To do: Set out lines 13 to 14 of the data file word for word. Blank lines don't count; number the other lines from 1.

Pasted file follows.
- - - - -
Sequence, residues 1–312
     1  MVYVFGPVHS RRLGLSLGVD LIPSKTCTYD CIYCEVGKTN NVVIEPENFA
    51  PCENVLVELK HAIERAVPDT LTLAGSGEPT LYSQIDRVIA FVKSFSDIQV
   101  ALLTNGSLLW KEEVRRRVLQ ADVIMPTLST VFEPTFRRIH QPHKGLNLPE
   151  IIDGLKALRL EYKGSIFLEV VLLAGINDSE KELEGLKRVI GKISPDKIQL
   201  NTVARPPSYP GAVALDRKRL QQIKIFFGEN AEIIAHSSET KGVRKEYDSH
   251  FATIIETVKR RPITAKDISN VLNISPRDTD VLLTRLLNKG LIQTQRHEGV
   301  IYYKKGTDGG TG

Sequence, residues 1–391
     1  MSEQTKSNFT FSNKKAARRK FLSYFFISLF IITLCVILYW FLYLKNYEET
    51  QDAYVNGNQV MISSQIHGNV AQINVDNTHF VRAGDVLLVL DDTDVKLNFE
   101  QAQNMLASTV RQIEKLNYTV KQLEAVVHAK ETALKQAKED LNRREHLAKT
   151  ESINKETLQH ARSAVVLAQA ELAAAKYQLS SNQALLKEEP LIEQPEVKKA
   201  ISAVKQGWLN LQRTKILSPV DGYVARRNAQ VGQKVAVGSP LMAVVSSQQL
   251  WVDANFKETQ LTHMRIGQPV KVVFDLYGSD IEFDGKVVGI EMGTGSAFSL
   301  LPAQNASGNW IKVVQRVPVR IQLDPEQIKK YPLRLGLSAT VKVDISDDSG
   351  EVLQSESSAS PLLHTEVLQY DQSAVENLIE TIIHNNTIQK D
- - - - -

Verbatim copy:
   151  ESINKETLQH ARSAVVLAQA ELAAAKYQLS SNQALLKEEP LIEQPEVKKA
   201  ISAVKQGWLN LQRTKILSPV DGYVARRNAQ VGQKVAVGSP LMAVVSSQQL